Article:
The hon. Gentleman is right to pick me up on my drafting. As he will know, when one is attempting to secure a debate in Committee, getting the amendment in is probably more important than getting the wording absolutely right. Even the Clerks cannot make a silk purse out of my sow's ear on OFFA.
Nevertheless, raising the issue of the broader discrimination that does take place, we are obviously now signatories to the European convention on human rights, and all the other things that flow from that. The aim is to draw in that wider sense of equity that we would all like to see in our society.
Amendment No. 221 states:
''Without prejudice to the performance of his duties under this section, the Director may take any action which he considers likely to promote fairer access to higher education.''
In a way, that gives the ability of initiation—by appointing someone, hopefully of extremely high calibre, who can address the problems, and not merely say ''if ever I get an access agreement I will
make a few points.'' We need someone of great ability, who can address the questions that the hon. Member for Epsom and Ewell put on our agenda earlier.
There is a problem with the numbers available. If we pass the Bill, it will make virtually no short-term difference to my constituents' prospects. There may be a number who have been put off by not having a grant, and I hope that their teachers will encourage them to go to university rather than go to work. But I do not anticipate that that will make a massive difference in the short term.
I have not always agreed with the directors of Ofsted. However, if we employ people of that calibre—who are capable of getting their teeth into those issues and coming up with answers and proposals in order to push Governments of any complexion—in the long term, we will have done a great service to those people who wish to go to university, but often feel that it is not for them.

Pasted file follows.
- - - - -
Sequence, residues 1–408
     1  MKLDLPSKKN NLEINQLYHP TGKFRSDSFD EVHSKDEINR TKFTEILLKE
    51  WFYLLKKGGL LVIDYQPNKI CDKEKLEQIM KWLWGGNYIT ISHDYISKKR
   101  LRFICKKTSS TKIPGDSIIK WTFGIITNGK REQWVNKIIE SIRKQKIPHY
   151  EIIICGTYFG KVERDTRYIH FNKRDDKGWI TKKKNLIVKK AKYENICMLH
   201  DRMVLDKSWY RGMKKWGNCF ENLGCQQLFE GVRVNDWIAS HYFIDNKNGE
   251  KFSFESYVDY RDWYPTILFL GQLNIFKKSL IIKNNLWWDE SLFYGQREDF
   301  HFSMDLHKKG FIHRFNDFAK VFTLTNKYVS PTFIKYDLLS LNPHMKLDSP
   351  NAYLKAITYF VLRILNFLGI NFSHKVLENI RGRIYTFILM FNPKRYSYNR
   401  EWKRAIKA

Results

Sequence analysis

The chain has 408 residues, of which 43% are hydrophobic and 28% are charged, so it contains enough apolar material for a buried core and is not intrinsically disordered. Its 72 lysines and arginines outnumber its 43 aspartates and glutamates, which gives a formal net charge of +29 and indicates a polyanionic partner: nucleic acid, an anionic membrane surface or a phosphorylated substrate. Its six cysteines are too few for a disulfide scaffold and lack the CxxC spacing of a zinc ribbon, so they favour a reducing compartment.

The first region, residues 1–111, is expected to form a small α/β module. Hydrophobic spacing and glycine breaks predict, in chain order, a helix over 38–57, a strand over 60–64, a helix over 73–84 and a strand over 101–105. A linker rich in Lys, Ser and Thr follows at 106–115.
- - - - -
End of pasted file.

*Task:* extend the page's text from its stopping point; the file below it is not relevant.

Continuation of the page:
Amendment No. 221 is the most important of those amendments. For the first time, it imposes a duty on the institution that would allow it to see where the problems are and tackle them.
As I said in my intervention on the hon. Gentleman, we should look not merely for ways into sixth forms and 14 to 16-year-old education, but further back down the food chain and make serious proposals about how that would work. We should make serious plans and proposals for outreach, using best practice. Committee members have been inundated with good practice from universities. We need that pull together to ensure that people use those best practices at the earliest opportunity.
We also need to look at specific disadvantaged groups. I am not referring solely to their socio-economic class. Sometimes their racial or gender specification are important. In my constituency, it is my experience that ethnic minorities and asylum seekers often act as role models for established non-traditional and traditional groups. Universities need to become partners with the local education authorities and become intimately involved with them, rather than viewing them as bodies that merely come in, look at the best talent and help those people get to university.
The Minister knows that the universities of Nottingham and Trent—both of which are close to my constituency—have attempted to build on six school sites that have to kick children out on to the streets at 16, and help them provide vocational training for 14 to 16-year-olds. I referred to those sites earlier. The provision needs to be extended to 14 to 18 or 19-year-olds, in order to keep those kids on site at 16. Those young people could then continue to study information technology, health and beauty, service industry skills, catering, motor engineering and so on. There should be a small offering on each of those constituencies.
To their credit, FE colleges in Nottinghamshire have agreed to brand a 14 to 18 centre on those school sites. The universities have also seen the problem that lies within 1 mile of the ivy-covered walls of Nottingham university's nice campus and Trent university's dynamic city centre campus. Many
Committee members have visited the former site. The universities have agreed to brand a centre on those school sites, even though it may appear to be of no relevance to them. That is not a talent-driven initiative, but is intended to help the community build vocational training that may not immediately appear to be of benefit to the universities.